Well, apparently, Mr. Goetz, despite being the Java language architect at Oracle, and the co-author of the standard reference on concurrent programming in Java, is not immune to bad ideas -- like wanting the state of the parser to influence tokenization. (In case you don't realize it already, Dear Reader, I say that tongue in cheek!)

I actually dug up Brian's patch and looked at it but... well... my solution is more elegant. I say that, by the way, not to put down Mr. Goetz, but mostly just because any fix to this against the current JavaCC21 codebase (approximately a 90% rewrite at this point) is bound to be more elegant, because the cleaned up JavaCC21 codebase allows much cleaner solutions to this kind of thing.

We're not in Kansas any more!

So, now that I am through with the long-winded pre-amble, here is the solution that is now implemented:

You can (optionally, of course) specify that a grammar production needs to be tokenized in a certain lexical state. For example:

PythonSnippet : PYTHON : 
    blah blah
;

And that's it.

Basically, that's it. What the above (the extra : PYTHON bit) means is that the parser will switch over to the PYTHON lexical state when entering this production -- whether parsing it OR in a lookahead routine. And when it exits, it will revert to whatever the previous lexical state was.

Also, if it is in a lookahead and the lookahead fails, it throws away all the tokens that it cached that are liable to be spurious.

So, if we have something like:

 CodeSnippet :
    PythonSnippet
    |
    RubySnippet
    |
    JavaScriptSnippet
;

If we scan ahead in the production CodeSnippet, it switches into the appropriate lexical state as it tries the various choices one by one. So, if it is scanning ahead to check whether we are in a Python code snippet, and it decides that no, we aren't, then it just jumps out, but when it jumps out, it reverts to the previous lexical state and throws away any Python tokens it created. (Yep, we're back in bed in Kansas, as if nothing had happened!) And now it tries to scan ahead a Ruby snippet and if it jumps out with failure, it always reverts to the previous lexical state and throws away whatever tokens it cached along the way.

Of course, if the lookahead is successful, it keeps the cached tokens. As far as I can see, the whole thing has close to zero overhead.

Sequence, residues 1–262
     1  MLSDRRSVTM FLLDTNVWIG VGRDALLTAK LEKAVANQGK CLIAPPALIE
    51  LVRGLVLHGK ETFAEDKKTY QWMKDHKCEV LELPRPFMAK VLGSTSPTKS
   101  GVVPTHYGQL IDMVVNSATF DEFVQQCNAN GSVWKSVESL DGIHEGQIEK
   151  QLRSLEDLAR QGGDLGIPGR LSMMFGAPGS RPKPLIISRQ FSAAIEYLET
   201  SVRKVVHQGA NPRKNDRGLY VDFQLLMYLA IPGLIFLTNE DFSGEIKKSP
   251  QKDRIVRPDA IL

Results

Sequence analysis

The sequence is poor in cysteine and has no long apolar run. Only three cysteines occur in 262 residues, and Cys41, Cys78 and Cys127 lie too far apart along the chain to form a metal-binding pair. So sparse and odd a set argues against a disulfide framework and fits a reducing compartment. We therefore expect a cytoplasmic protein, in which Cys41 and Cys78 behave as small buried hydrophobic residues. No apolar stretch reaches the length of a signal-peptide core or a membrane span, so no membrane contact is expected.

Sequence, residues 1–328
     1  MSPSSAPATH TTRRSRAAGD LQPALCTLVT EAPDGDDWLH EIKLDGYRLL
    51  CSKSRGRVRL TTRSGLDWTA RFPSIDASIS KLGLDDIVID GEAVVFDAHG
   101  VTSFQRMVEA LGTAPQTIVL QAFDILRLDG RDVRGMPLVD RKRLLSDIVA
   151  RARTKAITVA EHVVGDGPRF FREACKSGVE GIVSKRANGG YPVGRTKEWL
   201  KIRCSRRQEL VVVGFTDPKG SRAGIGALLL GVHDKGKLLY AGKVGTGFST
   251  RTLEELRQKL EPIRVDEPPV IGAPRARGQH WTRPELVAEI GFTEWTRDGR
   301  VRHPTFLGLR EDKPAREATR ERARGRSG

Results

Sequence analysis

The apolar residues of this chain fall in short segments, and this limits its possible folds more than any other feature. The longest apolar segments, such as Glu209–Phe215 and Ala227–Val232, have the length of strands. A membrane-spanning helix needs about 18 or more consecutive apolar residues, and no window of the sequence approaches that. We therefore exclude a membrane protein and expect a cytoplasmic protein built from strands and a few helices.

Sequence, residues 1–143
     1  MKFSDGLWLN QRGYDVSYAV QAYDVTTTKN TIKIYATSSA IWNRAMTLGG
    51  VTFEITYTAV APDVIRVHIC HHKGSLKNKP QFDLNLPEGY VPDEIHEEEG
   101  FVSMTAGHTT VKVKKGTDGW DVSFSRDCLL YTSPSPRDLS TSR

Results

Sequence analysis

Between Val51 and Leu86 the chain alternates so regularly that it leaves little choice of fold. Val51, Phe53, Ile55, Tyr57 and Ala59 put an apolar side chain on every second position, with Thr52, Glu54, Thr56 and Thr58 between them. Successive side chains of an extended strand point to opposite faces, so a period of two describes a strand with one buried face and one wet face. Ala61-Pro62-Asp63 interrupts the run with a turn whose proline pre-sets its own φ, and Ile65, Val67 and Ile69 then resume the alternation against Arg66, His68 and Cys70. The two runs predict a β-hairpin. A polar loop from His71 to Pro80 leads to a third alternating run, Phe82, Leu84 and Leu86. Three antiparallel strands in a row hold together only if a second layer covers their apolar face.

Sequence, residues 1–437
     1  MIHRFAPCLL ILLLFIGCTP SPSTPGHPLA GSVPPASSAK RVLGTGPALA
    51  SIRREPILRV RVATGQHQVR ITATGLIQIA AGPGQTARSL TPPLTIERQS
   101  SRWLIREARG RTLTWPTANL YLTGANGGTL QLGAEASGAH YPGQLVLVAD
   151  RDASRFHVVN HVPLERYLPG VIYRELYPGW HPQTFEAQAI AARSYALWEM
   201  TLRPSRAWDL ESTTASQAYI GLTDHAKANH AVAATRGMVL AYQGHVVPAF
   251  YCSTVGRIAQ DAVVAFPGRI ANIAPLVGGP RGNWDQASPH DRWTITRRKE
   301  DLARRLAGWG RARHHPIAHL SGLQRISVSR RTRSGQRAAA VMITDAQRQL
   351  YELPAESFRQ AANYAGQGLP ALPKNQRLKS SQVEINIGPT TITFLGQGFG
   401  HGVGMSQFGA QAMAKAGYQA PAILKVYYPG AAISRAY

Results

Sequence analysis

You can still specify lexical states switches in your lexical grammar, but I anticipate that this will be the standard way to use lexical states in JavaCC. I think it is both conceptually simpler and less error-prone. Also, it seems quite natural to be able to specify that a certain grammar production must be tokenized in a certain lexical state.

That said, I should mention that I also implemented a way of specifying the lexical state at the level of expansions within a grammatical production. So, you could write:

 LEXICAL_STATE FOOBAR
 (
     Foo Bar Baz
 )

And the same basic logic applies. It switches to the FOOBAR lexical state before entering Foo and after exiting Baz it reverts to the previous lexical state. If this is part of a lookahead routine, and it jumps out of the routine anywhere between the start of Foo and the end of Baz, with a failure, then it reverts to the previous lexical state AND throws away any cached tokens.

I implemented the above mostly for completeness, I guess. I have been trying to think about which cases you would prefer to specify this at the expansion level, as opposed to just defining a production and labeling that production as taking place in a given lexical state. I think you would almost always just prefer to just label the production.

Well, something similar happens with tree building. some people might not even realize this, but you can actually put a tree building annotation anywhere in a grammar, like:

  Foo Bar #FooBar(2)

i.e. create a new FooBar node with the Foo and Bar we just created as 2 child nodes. However, as a practical question, probably about 97% of tree-building annotations occur at the level of grammatical productions. So you will much more often see something like:

  FooBar #FooBar(2) : Foo Bar ;

There, FooBar is a grammatical rule and it creates a FooBar node with Foo and Bar as 2 sub-nodes.

Well, actually, in the above case, you don't need to write that #FooBar(2) part anyway. That is the default behavior in JavaCC21 if you specify nothing at all, i.e.

  FooBar : Foo Bar ;

Note, by the way, that I'm assuming in the examples above that Foo and Bar both definitely create a single node and place it on the stack, and that is not necessarily the case, but it would be quite typical.

If you didn't want the behavior described above, you'd have to write:

  FooBar #void : Foo Bar;

to specify that you don't want the FooBar production to create any Node!

Well, I'm digressing anyway. I'm just saying that in both these cases, both specifying the node creation (or not specifying it since it's the default anyway!) or specifying the lexical state, it will probably be most natural to do this at the level of grammatical productions.

The above feature is not part of some blue skies wish list. It is all implemented! Not so very tested, I would have to admit. Just a little bit. So some issues may become apparent over the coming days, but also maybe not. The code has been restructured and simplified to such an extent that adding these sorts of features is extremely simple. They are expressed in shockingly few lines of code. But please give it your best shot! I'll be grateful to anybody who reports problems with this new feature. (Or any other.)